6. Plaintiff's claims must be dismissed without prejudice because Plaintiff's claims are barred by the Younger doctrine of abstention, since it appears criminal proceedings are still taking place in state court.

         7. In general terms, the Younger abstention doctrine reflects “a strong federal policy against federal-court interference with pending state judicial proceedings absent extraordinary circumstances.” Middlesex County Ethics Comm. v. Garden State Bar Ass'n, 457 U.S. 423, 431 (1982). Under Younger, a federal court should abstain from enjoining state criminal prosecutions, Sprint Comm., Inc. v. Jacobs, 571 U.S. 69, 73 (2013) (internal citation omitted), and abstention is appropriate absent a showing of bad faith prosecution, harassment, or a patently unconstitutional rule, Hannah v. Smith, 2014 WL 220556, at *3 (D.N.J. Jan. 21, 2014). The specific elements of Younger abstention are: “(1) there are ongoing state proceedings that are judicial in nature; (2) the state proceedings implicate important state interests; and (3) the state proceedings afford an adequate opportunity to raise federal claims.” Schall v. Joyce, 885 F.2d 101, 106 (3d Cir. 1989).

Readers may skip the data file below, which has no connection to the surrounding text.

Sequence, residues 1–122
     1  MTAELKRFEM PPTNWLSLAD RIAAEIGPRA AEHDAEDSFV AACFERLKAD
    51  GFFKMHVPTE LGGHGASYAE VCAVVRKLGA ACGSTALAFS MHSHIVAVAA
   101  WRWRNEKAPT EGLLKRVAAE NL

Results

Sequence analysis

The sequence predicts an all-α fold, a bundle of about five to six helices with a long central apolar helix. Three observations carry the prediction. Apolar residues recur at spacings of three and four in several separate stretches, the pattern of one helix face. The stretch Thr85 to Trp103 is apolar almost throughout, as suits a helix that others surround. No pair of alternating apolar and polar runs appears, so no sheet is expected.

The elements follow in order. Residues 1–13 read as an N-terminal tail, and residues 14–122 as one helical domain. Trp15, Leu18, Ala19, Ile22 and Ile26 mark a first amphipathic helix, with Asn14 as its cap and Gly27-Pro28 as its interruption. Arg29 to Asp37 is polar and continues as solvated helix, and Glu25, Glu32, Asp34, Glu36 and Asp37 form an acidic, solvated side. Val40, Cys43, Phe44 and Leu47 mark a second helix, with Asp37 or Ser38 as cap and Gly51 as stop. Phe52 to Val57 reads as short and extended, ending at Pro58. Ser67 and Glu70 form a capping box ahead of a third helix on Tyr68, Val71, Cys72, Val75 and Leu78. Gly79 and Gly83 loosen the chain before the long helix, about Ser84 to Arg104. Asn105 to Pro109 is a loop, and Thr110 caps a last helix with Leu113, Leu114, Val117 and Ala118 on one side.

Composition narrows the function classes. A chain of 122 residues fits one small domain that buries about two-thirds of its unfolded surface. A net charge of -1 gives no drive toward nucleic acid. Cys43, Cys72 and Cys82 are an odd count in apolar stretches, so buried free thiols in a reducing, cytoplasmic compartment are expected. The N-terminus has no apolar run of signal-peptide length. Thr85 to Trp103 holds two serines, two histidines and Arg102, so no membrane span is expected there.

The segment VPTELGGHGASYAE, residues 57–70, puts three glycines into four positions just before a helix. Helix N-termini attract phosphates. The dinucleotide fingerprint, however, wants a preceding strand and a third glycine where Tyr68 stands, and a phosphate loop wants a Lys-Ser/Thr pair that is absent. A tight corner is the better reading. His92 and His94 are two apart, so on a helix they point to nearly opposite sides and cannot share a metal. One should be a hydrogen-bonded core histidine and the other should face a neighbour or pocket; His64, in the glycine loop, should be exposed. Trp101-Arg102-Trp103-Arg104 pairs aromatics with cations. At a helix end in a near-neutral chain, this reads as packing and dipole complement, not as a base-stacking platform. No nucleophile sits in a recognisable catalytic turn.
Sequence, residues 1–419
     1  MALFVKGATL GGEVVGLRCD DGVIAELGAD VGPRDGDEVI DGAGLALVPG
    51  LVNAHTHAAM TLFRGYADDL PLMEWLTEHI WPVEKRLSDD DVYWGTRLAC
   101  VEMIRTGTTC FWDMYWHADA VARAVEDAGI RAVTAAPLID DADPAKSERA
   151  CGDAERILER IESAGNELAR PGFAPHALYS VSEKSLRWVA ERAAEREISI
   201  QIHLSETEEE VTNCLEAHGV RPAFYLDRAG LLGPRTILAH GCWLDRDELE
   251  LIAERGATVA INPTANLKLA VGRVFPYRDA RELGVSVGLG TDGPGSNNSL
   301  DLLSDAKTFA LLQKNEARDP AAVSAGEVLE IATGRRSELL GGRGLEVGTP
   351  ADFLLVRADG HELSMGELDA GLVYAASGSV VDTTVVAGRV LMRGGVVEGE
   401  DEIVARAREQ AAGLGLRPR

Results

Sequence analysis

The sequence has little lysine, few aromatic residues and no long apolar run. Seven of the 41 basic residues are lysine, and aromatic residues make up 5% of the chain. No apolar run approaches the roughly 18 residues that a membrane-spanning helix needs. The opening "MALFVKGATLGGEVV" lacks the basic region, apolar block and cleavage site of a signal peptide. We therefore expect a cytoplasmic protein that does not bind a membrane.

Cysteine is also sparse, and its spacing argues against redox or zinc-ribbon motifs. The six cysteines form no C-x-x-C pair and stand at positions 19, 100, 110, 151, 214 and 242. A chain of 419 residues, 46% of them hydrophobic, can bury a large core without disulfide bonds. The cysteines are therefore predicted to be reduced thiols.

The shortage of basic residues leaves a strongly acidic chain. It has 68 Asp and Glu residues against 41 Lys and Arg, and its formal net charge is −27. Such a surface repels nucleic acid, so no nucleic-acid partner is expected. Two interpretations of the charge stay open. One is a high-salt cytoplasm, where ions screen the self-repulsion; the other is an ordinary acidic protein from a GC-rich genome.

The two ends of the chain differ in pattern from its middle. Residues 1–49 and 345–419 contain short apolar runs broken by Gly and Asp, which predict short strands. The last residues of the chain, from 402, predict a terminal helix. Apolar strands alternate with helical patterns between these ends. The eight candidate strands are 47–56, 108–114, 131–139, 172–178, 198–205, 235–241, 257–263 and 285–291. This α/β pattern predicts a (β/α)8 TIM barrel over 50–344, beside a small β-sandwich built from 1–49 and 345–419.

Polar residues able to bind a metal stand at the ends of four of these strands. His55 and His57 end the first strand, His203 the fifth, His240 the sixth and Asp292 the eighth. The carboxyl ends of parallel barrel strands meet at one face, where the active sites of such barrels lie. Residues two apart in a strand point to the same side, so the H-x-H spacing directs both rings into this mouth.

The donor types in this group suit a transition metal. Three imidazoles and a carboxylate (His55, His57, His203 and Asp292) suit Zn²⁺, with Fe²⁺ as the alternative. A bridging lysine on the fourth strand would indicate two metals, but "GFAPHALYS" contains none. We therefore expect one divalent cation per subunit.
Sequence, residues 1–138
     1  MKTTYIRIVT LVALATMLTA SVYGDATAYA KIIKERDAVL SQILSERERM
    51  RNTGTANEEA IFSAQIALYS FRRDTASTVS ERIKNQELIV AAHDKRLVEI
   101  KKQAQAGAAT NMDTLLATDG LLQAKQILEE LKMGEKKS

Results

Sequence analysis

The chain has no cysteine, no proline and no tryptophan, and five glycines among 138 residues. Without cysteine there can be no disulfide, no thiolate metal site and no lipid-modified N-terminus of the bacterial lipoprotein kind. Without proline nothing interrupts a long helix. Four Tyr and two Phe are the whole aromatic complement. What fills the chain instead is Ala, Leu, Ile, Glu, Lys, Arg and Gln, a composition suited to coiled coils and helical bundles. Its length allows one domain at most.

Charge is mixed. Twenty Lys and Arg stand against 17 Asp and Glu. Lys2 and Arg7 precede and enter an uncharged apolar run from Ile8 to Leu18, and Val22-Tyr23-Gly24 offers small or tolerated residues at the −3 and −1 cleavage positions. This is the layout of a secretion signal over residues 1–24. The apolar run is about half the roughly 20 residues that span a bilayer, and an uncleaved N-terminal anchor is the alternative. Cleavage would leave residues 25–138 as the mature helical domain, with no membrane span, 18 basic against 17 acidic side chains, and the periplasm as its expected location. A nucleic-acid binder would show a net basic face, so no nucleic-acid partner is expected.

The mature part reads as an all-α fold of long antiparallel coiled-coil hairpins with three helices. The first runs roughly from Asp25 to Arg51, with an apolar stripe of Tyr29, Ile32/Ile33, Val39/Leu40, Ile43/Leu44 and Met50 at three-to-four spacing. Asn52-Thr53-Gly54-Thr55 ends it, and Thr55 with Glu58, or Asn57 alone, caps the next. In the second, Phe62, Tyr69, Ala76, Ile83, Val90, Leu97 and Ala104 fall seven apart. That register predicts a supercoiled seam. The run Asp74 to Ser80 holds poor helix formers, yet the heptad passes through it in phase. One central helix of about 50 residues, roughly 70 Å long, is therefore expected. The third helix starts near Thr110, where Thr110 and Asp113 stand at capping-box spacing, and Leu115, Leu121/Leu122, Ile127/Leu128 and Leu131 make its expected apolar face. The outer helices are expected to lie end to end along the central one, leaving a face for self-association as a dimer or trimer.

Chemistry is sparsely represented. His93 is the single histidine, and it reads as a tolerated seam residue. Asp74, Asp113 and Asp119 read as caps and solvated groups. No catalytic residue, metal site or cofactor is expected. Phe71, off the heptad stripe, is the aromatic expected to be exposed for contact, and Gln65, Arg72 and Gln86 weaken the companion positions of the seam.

8. Here, the Complaint indicates that Plaintiff is facing a criminal prosecution, which aims to vindicate an important state interest (i.e., punishing criminal conduct), and New Jersey Superior Court offers Plaintiff an adequate opportunity to raise his federal claims, if any. If Plaintiff is dissatisfied with that court's rulings, he may take an appeal within the state court system and, eventually, to the U.S. Supreme Court, if desired. Plaintiff cannot, however, use the federal court system to challenge a state court decision with which he is dissatisfied because the federal court does not exist as an appellate tribunal reviewing state court decisions.